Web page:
In this embodiment, the circuit 300 includes a conditional-sum adder 204, a multiplexer 206 and a selection logic circuit 302. The conditional-sum adder 204 is coupled to receive the biased exponent e2 of the squareroot operand divided by two (i.e., right-shifted by one bit), and an adjusted bias. Thus, the conditional-sum adder outputs sums in the conventional manner according to the following equations:

er0=½e2+adjusted bias   (7)

er1=½e2+adjusted bias+1   (8)

where the adjusted bias is ½ of the normal bias (for the precision format being used), which is incremented if e2 is odd. The adjusted bias is added for the following reason. In binary arithmetic, dividing an exponent by two can be easily implemented by shifting the exponent one place to the right of the decimal point and truncating the least significant bit. Thus, when e2 is even, no accuracy is lost in dividing e2 by two and the adjusted bias remains ½ of the bias specified in the ANSI/IEEE Standard for the precision format being used. However, if e2 is odd, the right shift operation loses the least significant bit, resulting in a loss of accuracy in the resultant exponent. Therefore, e2 is reduced by one while increasing the mantissa by a factor of two. Of course, this adjusted operand is equivalent to the original normalized operand. Then, in dividing the exponent by two, the bias is reduced by a further ½, as shown in the following equations:

SQRT{1X.XXX . . . X·2e2+bias−1}  (9)

SQRT{1X.XXX . . . X}·2½2+½bias−½)   (10)

where SQRT{ } represents the squareroot of the operand within the brackets and e2 is odd. In order to properly bias the resultant exponent, an additional (½bias+½) needs to be added to the exponent so that the resultant exponent is equivalent to (½e2+bias). Thus, when e2 is odd, the adjusted bias is (½bias+½) or ½(bias+1). The adjusted biases for even and odd e2 are summarized below in Table 1.

TABLE 1
e2 adjusted bias
even ½ bias
odd ½ (bias + 1)

It can be shown that the squareroot of a normalized operand (i.e., greater than or equal to one but less than two) is between 1 and the square root of two, inclusive. Thus, the resultant mantissa of the squareroot of a normalized operand mantissa is always normalized. In addition, it can be shown that the squareroot of an operand greater than or equal to two and less than four (i.e., the “even e2” mantissa) is greater than or equal to the square root of two and less than two. Consequently, the resultant mantissa of the squareroot of the adjusted mantissa in the “even e2” case is also always normalized. Because the resultant mantissa is always normalized, there can be no overflow or underflow. Thus, the resultant exponent er will always be equivalent to er0 as provided by the conditional-sum adder 204, except in the rounding case described below.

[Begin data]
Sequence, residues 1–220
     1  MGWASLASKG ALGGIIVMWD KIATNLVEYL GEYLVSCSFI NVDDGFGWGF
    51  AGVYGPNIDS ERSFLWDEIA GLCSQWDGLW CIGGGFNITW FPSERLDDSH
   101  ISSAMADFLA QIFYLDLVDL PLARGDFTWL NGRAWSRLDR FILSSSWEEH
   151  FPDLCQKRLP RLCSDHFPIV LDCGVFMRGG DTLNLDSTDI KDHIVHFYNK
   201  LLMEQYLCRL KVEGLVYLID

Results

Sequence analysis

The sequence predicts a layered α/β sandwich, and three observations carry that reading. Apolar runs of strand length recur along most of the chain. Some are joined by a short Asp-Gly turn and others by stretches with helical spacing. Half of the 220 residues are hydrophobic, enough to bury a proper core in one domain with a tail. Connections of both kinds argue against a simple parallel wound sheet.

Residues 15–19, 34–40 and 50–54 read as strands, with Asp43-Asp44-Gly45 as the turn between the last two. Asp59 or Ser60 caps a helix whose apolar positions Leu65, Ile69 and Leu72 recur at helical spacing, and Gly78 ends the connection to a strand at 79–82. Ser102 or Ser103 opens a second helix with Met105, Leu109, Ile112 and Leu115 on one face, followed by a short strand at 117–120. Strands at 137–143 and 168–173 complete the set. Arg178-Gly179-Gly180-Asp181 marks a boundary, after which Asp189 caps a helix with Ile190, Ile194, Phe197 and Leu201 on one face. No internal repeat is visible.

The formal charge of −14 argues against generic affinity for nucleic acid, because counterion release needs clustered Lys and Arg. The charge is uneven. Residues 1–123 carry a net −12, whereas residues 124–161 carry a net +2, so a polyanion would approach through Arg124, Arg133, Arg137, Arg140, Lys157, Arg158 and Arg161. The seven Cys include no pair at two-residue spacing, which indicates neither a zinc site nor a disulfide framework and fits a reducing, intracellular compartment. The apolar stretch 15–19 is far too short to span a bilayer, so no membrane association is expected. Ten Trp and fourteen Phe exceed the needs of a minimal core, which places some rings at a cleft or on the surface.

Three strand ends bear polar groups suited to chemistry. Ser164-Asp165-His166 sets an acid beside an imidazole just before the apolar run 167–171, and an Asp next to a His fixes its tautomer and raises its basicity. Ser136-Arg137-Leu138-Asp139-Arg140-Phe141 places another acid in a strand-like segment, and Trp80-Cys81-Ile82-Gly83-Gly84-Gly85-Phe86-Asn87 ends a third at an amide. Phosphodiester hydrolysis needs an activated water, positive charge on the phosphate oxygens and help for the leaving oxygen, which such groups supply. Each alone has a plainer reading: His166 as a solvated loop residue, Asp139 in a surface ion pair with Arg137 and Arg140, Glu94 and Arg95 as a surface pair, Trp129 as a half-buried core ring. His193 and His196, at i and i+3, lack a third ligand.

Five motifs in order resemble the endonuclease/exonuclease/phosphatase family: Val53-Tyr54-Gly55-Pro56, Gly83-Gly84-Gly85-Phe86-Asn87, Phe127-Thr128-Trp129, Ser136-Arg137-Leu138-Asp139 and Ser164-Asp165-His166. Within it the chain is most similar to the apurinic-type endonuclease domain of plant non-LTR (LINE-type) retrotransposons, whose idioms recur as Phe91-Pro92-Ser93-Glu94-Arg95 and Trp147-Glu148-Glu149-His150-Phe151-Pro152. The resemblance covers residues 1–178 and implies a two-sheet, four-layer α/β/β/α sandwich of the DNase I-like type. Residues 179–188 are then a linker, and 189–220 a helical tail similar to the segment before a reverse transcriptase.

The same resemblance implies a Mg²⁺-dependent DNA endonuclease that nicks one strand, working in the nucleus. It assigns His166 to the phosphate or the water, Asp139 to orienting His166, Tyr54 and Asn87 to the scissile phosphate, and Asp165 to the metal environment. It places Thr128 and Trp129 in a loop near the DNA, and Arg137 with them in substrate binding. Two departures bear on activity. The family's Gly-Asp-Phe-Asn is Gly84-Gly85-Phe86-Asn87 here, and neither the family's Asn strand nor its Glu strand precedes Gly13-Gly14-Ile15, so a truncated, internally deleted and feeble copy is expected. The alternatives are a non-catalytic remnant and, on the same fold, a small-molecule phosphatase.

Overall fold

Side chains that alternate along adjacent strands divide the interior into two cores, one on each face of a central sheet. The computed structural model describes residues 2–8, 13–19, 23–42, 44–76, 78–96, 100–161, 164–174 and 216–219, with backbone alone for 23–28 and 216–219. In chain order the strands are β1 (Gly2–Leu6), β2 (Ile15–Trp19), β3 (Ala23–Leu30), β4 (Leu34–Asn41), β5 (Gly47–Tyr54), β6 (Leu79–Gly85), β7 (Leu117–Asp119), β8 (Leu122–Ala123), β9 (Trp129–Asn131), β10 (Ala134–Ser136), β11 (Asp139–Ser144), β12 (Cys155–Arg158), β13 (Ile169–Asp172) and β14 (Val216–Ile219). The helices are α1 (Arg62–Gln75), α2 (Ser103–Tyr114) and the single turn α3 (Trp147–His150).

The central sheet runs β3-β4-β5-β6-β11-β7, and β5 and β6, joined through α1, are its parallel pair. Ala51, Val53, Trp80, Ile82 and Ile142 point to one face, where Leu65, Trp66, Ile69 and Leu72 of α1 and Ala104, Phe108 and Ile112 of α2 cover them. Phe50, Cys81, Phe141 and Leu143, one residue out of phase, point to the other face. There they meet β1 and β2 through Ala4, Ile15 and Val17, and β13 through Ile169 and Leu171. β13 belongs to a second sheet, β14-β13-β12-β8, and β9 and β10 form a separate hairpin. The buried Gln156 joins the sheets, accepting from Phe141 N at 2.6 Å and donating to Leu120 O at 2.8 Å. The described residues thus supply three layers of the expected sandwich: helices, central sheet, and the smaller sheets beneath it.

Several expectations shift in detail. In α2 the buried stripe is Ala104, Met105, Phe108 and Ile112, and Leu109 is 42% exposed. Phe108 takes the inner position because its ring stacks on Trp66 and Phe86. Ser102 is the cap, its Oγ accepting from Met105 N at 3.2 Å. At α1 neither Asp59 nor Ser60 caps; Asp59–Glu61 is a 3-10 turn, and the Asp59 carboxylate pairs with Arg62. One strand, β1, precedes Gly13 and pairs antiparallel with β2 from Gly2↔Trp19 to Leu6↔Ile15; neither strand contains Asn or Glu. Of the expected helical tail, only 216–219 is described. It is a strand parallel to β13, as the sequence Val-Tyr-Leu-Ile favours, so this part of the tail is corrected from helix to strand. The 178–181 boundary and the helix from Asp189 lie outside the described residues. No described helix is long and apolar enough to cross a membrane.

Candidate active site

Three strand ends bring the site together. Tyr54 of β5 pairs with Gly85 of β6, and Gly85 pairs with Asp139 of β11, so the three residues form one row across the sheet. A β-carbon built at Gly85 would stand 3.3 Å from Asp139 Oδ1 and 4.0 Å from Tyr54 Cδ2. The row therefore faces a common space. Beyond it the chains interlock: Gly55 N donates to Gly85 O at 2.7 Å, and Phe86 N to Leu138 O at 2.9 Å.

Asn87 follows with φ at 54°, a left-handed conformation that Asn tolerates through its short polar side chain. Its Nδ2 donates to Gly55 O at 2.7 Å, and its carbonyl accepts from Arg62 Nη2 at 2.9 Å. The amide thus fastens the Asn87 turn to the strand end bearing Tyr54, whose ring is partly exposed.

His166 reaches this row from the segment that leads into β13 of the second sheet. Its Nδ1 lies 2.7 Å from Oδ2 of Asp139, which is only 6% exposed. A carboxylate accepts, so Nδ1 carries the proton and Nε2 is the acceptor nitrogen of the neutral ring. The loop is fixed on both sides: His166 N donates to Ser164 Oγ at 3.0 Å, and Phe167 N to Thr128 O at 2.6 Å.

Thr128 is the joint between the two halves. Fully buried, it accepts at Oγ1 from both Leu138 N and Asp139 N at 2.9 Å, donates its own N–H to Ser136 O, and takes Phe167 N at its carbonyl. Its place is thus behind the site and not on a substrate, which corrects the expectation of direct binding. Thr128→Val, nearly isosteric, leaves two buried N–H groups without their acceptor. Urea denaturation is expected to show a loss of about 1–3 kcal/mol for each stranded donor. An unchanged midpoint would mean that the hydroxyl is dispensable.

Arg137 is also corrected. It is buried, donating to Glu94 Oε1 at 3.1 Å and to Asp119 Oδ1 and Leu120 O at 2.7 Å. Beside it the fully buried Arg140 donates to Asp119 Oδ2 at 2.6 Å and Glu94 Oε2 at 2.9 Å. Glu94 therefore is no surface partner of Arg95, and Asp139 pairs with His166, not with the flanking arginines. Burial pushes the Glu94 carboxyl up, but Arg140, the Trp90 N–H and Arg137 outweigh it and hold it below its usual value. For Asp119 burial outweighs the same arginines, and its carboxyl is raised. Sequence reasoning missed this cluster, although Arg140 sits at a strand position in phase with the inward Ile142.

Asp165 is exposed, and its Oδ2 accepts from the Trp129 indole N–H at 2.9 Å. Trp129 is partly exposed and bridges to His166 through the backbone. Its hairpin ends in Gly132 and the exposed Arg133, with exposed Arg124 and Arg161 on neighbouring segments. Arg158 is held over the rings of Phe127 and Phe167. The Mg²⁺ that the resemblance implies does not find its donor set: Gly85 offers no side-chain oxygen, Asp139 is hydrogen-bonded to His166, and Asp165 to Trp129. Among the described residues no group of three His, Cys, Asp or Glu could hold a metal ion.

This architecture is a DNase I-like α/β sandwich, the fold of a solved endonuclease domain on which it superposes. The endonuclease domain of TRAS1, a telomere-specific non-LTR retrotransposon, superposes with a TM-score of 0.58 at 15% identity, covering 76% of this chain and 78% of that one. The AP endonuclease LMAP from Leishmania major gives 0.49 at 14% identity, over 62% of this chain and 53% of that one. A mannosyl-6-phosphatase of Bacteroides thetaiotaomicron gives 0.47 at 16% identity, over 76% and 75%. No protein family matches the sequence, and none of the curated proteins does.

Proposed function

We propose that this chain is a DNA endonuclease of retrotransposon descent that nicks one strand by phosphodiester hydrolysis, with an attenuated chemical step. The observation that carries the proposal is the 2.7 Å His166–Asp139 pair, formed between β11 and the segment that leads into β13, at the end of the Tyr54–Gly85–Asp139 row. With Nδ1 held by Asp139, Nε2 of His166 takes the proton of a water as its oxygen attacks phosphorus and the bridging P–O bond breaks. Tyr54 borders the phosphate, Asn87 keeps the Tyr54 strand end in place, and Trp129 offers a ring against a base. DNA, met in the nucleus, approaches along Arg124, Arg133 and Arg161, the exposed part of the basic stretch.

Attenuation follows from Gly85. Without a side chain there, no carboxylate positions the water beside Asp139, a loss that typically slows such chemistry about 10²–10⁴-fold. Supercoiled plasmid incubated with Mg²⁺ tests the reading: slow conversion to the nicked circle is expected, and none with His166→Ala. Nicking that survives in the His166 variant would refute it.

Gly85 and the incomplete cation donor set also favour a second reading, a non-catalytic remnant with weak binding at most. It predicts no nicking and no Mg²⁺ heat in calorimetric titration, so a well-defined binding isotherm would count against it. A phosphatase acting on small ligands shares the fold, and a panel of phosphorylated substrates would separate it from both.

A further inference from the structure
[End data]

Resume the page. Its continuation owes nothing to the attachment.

The ANSI/IEEE Standard includes a rounding mode called round to positive infinity (rp). In this rounding mode, the resultant mantissa calculation may not always result in a normalized number. In particular, the resultant mantissa after the squareroot operation may not be in normalized form under the following conditions: (i) the operand mantissa has no zeros; (ii) e2 is even; and (iii) the rounding mode is rounding to positive infinity (as defined in the aforementioned ANSI/IEEE Standard). As can be shown, when the operand mantissa has no zeros, the squareroot of this mantissa will also have no zeros. As defined in the ANSI/IEEE Standard, in the rp rounding mode, if the resultant mantissa has any “1”s to the right of the least significant bit for the precision format (i.e., bit 52 for double precision and bit 23 for single precision), then a “1” is added to the least significant bit. As a result, the resultant mantissa is rounded to two (i.e., 10.0 . . . 0 in binary representation). Therefore, in order to normalize the resultant mantissa, the mantissa should be right shifted by one place and the resultant exponent incremented.